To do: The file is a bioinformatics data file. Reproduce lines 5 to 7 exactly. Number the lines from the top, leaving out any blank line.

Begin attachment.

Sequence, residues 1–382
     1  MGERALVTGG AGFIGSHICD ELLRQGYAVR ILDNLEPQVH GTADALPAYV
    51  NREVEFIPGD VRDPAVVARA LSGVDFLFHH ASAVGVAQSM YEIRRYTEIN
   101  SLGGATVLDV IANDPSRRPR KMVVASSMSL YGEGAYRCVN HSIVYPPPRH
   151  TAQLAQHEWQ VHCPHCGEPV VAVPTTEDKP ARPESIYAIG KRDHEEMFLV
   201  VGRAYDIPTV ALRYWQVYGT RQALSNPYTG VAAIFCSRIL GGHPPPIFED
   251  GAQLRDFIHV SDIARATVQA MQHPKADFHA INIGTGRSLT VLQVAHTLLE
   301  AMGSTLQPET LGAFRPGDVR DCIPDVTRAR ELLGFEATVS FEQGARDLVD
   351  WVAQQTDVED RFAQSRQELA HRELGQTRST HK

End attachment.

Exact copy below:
   151  TAQLAQHEWQ VHCPHCGEPV VAVPTTEDKP ARPESIYAIG KRDHEEMFLV
   201  VGRAYDIPTV ALRYWQVYGT RQALSNPYTG VAAIFCSRIL GGHPPPIFED
   251  GAQLRDFIHV SDIARATVQA MQHPKADFHA INIGTGRSLT VLQVAHTLLE